When it comes to closet space (that is still to be installed) there will be more than enough in this tiny home thanks to some out the box thinking that uses vertical space. The 30cm deep closets will hang on the wall allowing for hanging space (hanging clothes facing forwards instead of sideways) and shelving space. Part of the cupboard space will also be angled to store the ladder to the loft away when not in use. The ladder will also be getting a rail and wheels so that it can be easily slid across the tiny home to wherever it is needed.
The loft bedroom, accessed via a sliding ladder, creates a cosy retreat complete with windows on both walls to overlook the surroundings.
In the future, Marisa and Carla are considering adding on a bathroom with a corrugated bathtub/shower and composting toilet.
The Tiny Hero Home has been fully customised to suit Marisa and Carla’s needs and wants. Two “trademarks” of Journeyman Collective homes is a hinged roof that can be opened up for a bit of fresh air (Jaydon also designed a magnetic roof mosquito net) and a meaningful focal window to reflect on the owner’s journey and personality. Marisa and Carla have opted for a beautiful circular window as a reminder of their journey. Jaydon and Dita’s Tiny Journey Home has a hexagonal window to represent their family’s adventurous side. They are planning a triangular window for their next home, perfect for a strong family who are looking to take on the tiny home lifestyle.
The Tiny Hero Home is 3,6m long and 2,3 m wide with a height of 4,3m. This is the approved travelling height, that is crucial to know when starting your build.
When travelling with your home you are allowed to go as wide as 2,6m and if you have the appropriate driver’s license, you can build as long as 22m! Which, seems like a giant’s house if you look at what Marisa has done to optimize her 3,6m length!
Costing and Time
Marisa explained that she built her home on a budget over time as money was available. The team also worked their fingers to the bone building it slowly on their own over four months. Marisia and Carla moved into the basic structure on 1 January 2021 and are continuing to add on as they go.
A similar home that is 6 meters long and includes your trailer, solar power, electricity, a bathroom and all the registration and certificates needed will cost you around R250 000.
In addition, you will still need to kit out your home on the inside with furniture, appliances, a kitchen and extras like a wrap-around veranda (stoep) that can easily be built as fold-up panels from the sides of your home.
Unfortunately, you will not be able to apply for a home loan but if you save up and pay upfront, Journeyman Collective can build this home in 2 weeks!
The Build and Advice
Marisa’s first words of advice are: “You build your first home for your enemy, your second home for your friend and your third for yourself.” As you build and make mistakes, you learn along the way!
Marisa admits that she made one of her biggest mistakes by first starting to build her home and then finding a trailer. Her advice is to follow these steps:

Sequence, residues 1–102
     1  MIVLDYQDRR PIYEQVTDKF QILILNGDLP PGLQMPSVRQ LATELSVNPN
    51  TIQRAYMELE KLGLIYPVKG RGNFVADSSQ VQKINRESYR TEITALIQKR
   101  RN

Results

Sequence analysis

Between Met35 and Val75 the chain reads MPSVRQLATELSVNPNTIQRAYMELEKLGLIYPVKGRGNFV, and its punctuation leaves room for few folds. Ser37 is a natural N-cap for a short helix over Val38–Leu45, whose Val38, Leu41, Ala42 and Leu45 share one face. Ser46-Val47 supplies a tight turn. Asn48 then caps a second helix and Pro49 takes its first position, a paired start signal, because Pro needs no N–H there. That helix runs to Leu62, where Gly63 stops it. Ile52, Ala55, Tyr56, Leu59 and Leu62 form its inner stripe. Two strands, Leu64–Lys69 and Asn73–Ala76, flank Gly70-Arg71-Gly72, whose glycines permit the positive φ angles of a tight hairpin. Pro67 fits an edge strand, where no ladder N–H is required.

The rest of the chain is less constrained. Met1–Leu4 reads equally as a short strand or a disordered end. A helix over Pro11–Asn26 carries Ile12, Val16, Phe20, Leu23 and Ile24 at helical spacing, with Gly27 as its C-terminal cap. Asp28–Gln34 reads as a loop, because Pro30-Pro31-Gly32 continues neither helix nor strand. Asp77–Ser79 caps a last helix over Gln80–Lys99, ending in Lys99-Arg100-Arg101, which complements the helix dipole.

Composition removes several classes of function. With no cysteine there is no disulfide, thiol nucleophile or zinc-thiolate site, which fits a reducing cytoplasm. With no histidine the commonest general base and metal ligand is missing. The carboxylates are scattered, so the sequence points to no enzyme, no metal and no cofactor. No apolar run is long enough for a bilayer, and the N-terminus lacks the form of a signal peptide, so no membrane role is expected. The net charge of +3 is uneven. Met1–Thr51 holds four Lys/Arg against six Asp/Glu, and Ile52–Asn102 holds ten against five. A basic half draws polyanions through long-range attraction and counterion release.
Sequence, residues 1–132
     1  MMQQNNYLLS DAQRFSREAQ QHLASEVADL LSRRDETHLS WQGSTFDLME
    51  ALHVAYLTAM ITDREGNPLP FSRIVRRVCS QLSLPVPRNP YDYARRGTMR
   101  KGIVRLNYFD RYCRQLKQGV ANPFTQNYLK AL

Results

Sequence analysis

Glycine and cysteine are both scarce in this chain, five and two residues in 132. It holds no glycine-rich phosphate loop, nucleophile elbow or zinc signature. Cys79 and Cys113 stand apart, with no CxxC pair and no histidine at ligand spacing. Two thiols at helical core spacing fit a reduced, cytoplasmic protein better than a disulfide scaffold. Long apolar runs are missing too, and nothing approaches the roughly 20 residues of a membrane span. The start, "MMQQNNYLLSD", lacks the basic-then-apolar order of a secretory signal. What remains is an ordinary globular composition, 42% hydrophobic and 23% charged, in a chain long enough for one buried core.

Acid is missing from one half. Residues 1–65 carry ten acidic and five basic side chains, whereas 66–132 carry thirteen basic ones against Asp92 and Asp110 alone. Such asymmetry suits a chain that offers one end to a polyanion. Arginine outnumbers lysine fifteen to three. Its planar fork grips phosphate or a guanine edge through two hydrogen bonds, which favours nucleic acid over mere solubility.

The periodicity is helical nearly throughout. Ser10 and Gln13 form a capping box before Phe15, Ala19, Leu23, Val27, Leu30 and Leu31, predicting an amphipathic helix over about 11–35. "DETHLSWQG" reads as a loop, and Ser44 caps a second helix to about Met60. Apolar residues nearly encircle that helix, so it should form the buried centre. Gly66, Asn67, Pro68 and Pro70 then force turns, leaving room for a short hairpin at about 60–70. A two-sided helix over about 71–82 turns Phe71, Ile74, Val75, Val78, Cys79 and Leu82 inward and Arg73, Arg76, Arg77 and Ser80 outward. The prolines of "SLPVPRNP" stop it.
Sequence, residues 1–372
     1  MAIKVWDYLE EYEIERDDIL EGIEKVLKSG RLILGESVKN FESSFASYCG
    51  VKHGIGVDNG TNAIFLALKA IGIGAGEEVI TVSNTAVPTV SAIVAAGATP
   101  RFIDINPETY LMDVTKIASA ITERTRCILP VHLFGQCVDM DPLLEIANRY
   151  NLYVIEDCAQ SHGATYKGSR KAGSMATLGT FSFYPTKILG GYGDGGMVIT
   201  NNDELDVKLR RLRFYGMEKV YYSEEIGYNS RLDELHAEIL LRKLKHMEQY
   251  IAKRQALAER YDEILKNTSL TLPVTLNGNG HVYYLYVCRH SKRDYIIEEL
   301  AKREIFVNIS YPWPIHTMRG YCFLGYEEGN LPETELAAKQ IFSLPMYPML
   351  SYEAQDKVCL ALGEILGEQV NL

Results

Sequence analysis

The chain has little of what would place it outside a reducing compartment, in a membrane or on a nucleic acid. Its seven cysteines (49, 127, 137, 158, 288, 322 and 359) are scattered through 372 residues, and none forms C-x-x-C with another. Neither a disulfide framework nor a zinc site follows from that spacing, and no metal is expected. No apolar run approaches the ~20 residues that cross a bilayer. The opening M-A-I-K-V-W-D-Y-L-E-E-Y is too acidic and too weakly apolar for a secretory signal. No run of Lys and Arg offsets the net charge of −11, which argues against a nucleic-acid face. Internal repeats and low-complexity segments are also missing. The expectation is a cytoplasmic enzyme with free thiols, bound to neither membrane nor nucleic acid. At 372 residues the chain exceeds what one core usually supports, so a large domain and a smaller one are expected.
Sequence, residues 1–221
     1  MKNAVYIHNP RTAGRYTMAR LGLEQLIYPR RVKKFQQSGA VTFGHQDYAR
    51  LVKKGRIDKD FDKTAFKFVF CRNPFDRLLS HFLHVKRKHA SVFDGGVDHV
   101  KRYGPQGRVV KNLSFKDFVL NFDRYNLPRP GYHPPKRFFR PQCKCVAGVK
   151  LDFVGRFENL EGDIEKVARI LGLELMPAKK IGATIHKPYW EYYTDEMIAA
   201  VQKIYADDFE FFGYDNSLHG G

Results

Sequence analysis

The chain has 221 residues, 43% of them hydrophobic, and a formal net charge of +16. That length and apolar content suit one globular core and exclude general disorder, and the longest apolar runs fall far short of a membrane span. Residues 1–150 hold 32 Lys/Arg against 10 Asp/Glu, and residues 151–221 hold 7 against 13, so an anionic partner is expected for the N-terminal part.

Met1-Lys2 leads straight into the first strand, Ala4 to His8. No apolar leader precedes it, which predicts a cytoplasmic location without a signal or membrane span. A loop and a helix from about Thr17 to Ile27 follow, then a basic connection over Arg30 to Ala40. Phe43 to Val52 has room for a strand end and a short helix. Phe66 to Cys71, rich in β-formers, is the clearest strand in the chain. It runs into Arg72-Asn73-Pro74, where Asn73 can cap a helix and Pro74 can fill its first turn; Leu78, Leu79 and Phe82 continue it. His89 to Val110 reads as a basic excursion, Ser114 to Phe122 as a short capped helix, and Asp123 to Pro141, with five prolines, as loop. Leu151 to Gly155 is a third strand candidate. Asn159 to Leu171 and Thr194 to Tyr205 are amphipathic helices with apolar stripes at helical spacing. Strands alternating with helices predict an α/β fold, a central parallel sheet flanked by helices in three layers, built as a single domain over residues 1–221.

Step 1: Find the right trailer. Remember this is the base of your home and it will always stay on it!
Step 2: Find a frame for your trailer and build your floor directly on top of your trailer.
Step 3: Build the shell of your home…and then, a very important step for her was:
Step 4: Cancel your rent, move into your tiny home and stop paying rent. Live less conveniently for 3 months and use that extra cash to kit the inside of your home with stunning finishes.
Another mistake that costed Marisa a bit of space was building the walls on top of the floor instead of next to the floor! But these are small mistakes and will not spoil the fun of living in their tiny home.
It is super easy to expand your home, but plan for it!
The most important question to Marisa was the one reason why you would live here instead of a fancy home? Her answer: She quickly realised how little she needs to be happy by taking the leap and living in their tiny home during the build. “I need my partner, my dogs and cats, good books and proper wine, Netflix and my laptop to work! What more do I need?” Other than safety, that was the only factor considered and sorted; she has everything she needs.
This Hero will soon be the home to not only the two of them but also their 2 dogs and 2 cats!
On arrival you mark the spot and park! You lower your 4 jacks which sit on the 4 corners of your home. You take off your wheels and pack them away underneath your home. Let down your hinges with your stoep. Then the journey starts!
Tiny Home Maintenance
As with any other home you must deal with normal wear and tear. The home is built from wood and will have to be lightly sanded every 8 months and treated with Woodoc Marine Seal. Luckily, Marisa’s home was well tested in Gauteng’s summer rain season and it’s super solid.
An important part of your build is to protect your home from any rodents or bugs that might start to love your home as much as you do! This home is sealed with steel plates at every corner and double sealed with silicone.
The Final Hero Journey
The journey is already planned for Tiny Hero Home. She will be moved over 5 days starting in Johannesburg to Welkom, Kimberley and then Beaufort Wes, after which she will make a stop in Touws River and then home.
Perhaps you will see this home en route!
Journeyman Collective offers three standard, customisable designs. The houses are designed to meet the South African building regulations. Their vision is to help people make a conscious transition towards sustainability where they can thrive off the land in community.
If staying in one of these homes is not for you, consider using it as a mobile office or guest room.
If you would like to check out this lifestyle or simply experience tiny living, contact Marisa or Jaydon directly to stay in one of their homes in AirBnB style and decide for yourself!